A burgeoning apartment construction cycle will take hold in San Diego this year, putting modest upward pressure on vacancy, according to a Marcus & Millichap report.
A total of about 3,800 apartment units are projected to come online in the county in 2013, outpacing last year’s addition of 1,090 units, causing vacancy projections to climb about 30 basis points to 3.1 percent this year, by M&M’s accounts.
Different surveys reach different conclusions as to the apartment vacancy level here.
Kearny Mesa-based MarketPointe Realty Advisors -- which limits its biannual surveys to properties with 25 or more units -- arrived at about a 4.5 percent vacancy rate in its latest survey in September. MarketPointe’s next survey is in March.
While MarketPointe limits its surveys to larger complexes, it also conducts a larger sampling than M&M.
Helping to fill apartments in this county is the projected addition of 30,800 jobs this year, translating into a 2.4 percent annual growth rate, the report added. About 21,000 jobs were added in 2012.
The largest residential project expected to be completed this year is the 1,800-unit Casa Mira View by Garden Communities in Mira Mesa.
So far, new developments have reportedly been well received by renters, including Sudberry Properties’ planned 306-unit Circa 37 in its big Civita masterplan at the northern edge of Mission Valley.
Circa 37 features floor plans ranging from 674 to 1,384 square feet in studio- to three-bedroom configurations.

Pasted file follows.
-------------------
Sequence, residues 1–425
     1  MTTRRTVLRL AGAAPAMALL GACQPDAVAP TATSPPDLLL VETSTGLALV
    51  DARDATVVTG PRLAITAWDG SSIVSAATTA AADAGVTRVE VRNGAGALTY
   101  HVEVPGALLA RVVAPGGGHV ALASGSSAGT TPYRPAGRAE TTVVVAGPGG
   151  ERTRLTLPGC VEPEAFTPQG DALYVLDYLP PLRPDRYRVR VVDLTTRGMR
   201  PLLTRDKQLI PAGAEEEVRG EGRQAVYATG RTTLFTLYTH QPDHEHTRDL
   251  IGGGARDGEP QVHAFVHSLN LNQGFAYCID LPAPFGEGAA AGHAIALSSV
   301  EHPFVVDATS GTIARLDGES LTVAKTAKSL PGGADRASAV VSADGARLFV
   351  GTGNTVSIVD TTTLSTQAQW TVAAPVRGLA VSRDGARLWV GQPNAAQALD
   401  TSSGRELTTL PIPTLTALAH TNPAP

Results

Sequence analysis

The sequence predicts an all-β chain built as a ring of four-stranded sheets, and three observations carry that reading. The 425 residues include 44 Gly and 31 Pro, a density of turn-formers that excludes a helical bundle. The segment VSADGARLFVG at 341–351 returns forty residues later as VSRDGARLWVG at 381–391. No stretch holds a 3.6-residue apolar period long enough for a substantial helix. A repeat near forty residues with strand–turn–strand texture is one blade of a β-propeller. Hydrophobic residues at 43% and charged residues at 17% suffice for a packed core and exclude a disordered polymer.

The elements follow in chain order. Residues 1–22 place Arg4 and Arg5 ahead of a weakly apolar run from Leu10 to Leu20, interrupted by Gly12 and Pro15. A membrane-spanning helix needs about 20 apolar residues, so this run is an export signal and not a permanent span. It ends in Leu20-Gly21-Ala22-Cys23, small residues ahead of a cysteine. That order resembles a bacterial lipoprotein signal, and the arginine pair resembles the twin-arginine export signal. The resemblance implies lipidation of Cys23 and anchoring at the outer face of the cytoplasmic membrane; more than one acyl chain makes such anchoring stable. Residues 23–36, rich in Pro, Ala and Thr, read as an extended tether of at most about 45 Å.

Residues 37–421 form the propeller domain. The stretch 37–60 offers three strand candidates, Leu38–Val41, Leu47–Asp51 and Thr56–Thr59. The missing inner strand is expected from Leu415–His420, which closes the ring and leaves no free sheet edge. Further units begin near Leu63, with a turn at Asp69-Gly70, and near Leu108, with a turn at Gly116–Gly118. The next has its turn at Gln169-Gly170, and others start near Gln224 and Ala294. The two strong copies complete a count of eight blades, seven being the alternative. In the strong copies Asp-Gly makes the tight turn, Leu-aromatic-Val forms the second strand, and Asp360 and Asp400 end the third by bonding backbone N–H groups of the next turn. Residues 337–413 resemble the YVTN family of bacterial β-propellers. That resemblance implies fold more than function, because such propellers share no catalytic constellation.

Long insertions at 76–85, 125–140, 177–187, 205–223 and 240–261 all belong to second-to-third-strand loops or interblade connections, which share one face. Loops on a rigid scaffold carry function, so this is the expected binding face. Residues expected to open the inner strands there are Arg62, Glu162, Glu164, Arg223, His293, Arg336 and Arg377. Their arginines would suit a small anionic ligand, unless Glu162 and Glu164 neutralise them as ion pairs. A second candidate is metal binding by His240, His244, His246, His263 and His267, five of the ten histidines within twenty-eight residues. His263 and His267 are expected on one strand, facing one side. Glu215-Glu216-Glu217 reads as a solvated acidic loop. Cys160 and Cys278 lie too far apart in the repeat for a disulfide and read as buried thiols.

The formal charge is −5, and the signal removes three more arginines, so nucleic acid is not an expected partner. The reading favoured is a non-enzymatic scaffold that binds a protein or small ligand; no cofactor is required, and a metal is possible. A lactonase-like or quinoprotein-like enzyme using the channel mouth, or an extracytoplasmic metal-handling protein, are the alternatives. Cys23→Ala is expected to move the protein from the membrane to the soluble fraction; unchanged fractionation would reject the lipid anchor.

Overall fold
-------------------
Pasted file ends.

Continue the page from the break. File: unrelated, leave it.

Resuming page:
Rents are subject to change, but the Circa 37 website places the range from $1,680 to $2,810 per month -- numbers that are starting to resemble mortgage payments.
Stricter capital requirements could keep people in apartments who might otherwise move, however.
M&M, meanwhile, projected landlords will lift average asking rents 4.2 percent countywide to $1,444 per month this year, while effective rents are projected to climb 4.5 percent to $1,410 per month.
Although tenants leased these apartments as the projects came online, an extension on the timeline to fill new units in 2013 is expected, as construction more than triples 2012’s figure.
Nonetheless, M&M said conditions will remain healthy enough for apartment operators to push rents higher at the fastest pace since 2008.
In 2013, other Southern Californian, national, and international investors are expected to make their way to San Diego at approximately the same pace as 2012.
“This year will likely begin with a flurry of activity as 1031 exchange capital targets local assets to avoid higher taxes," the report stated. "As a result, cap rates that are already in the high 5 percent range could be pushed even lower in the coming months.”
The report said as the window to place exchange capital from properties sold in 2012 closes, some pressure on first-year yields will likely be alleviated, and the market will return to a more sustainable transaction pace.
With many investors battling over the same assets, the report noted that smaller properties may be the way to go for many investors who are otherwise unable to compete with large REITs or major capital funds.
For example, coastal properties may be desired the most, but may have too much competition and yield disappointing returns.
“Investors seeking elevated yields will venture away from the coast, where first-year returns can range from 50 to 100 basis points higher than in sought-after coastal submarkets,” M&M added.
The M&M report said San Diego will keep its national sixth place ranking in terms of strength behind such cities as New York, San Jose and San Francisco.
Although the San Diego market isn’t in the top spot. M&M noted it is still stronger than 90 percent of the U.S. markets.
San Diego is faring better than Los Angeles, which ranked 10th place for the 2013 survey; this was an improvement from its 13th place status a year ago.
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